I wish to show the consumer the final 10 changes across all my database objects.
I am using django-reversion to trace a brief history of changes to my model objects. I am also somewhat copying this inside a summary view. Where reversion produces a brief history list by object, the summary view just tracks just one list with every alternation in chronological order. Could it be more effective to question with this particular summary list, or could/must i simply query all the reversion tables which are more recent 10 edits across all objects?
Second part: I wish to show a person their edits arranged by object
So let us say a person edited 3 objects 10 occasions each. The consumer edited each object on different days, the like Day 1, the consumer edited all 3, on Day 2, the consumer edited maybe 1 of these, etc. I wish to show the consumer a table that reads the following
Object Date of your most recent edit Date of last edit Object 1 12-24-11 12-25-11 Object 2 12-20-11 12-23-11
In which the second column is easily the most recent user specific edit and also the third column is easily the most recent edit by any user.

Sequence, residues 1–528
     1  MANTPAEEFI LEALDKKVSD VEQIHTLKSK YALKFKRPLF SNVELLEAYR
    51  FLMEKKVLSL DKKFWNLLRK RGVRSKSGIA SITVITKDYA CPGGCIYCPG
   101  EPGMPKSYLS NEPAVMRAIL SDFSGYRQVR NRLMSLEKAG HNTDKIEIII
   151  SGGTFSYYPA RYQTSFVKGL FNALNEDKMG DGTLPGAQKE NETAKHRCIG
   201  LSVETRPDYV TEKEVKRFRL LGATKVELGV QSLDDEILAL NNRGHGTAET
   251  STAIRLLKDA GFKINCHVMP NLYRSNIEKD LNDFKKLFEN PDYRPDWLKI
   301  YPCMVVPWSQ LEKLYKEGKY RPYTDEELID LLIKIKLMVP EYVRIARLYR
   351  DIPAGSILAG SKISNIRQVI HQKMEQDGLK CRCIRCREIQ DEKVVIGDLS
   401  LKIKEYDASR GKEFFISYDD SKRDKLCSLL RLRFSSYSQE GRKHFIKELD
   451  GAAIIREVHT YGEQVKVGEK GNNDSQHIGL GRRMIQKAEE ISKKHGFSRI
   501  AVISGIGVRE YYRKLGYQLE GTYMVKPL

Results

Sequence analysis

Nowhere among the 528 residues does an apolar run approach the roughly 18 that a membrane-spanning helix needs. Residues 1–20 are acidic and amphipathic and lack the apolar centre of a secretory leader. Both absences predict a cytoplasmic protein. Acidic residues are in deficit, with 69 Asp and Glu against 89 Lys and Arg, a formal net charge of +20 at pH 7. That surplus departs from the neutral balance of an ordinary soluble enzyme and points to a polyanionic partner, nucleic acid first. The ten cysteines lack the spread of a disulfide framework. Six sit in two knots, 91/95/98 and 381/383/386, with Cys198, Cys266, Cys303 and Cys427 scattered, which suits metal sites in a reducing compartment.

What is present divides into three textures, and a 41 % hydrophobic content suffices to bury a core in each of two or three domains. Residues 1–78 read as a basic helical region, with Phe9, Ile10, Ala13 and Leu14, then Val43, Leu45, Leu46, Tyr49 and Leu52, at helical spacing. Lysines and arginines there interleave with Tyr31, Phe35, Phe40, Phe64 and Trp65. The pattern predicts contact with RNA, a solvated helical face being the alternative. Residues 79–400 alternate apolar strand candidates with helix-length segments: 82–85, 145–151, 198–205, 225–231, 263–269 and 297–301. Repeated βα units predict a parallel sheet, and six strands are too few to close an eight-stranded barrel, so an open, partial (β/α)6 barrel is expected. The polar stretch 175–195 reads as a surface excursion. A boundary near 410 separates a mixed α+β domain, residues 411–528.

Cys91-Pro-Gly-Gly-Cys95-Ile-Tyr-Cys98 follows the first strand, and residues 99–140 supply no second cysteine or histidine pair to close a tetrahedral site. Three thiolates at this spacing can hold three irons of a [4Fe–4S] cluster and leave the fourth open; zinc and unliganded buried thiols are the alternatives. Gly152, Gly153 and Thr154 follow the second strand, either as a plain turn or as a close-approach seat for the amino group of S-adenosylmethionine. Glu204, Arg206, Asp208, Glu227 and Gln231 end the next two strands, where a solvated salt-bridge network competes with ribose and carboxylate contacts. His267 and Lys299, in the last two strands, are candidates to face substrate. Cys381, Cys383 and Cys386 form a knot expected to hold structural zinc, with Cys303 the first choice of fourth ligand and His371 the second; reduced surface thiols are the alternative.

I would like the consumer to have the ability to choose Object 1, after which see all their edits for your Object:
Object Date of your most recent edit Date of last edit Object 1 12-24-11 12-25-11 edited name 12-24-11 edited type 12-19-11 edited subject 12-18-11 edited date 12-18-11 edited type 12-16-11 Object 2 12-20-11 12-23-11
How might I structure this question? Probably the most direct way I'm able to think about would be to query the distinct/unique listing of objects strained by user from either the reversion tables or even the summary table, then query reversion by user by object to obtain the more in depth history. This appears like it may be more effective.
Might I wish to create another summary table by user that will track the alterations for simpler querying within this format? Wouldso would I structure that kind of table?
Some code. I make use of this to obtain a listing of all of the history for any given object. It provides me with their email list of versions for any database object, an email by what was edited, the date of edit, and also the user that made the modification:
version_list = Version.objects.get_for_object(object).select_related("revision__user")
And That I simply employ this to obtain a simple listing of edits. Within this summary table, the final 10 records are the newest changes (object, particulars on which was transformed, date, and user):
whats_new_items = WhatsNew.objects.all()[0:10]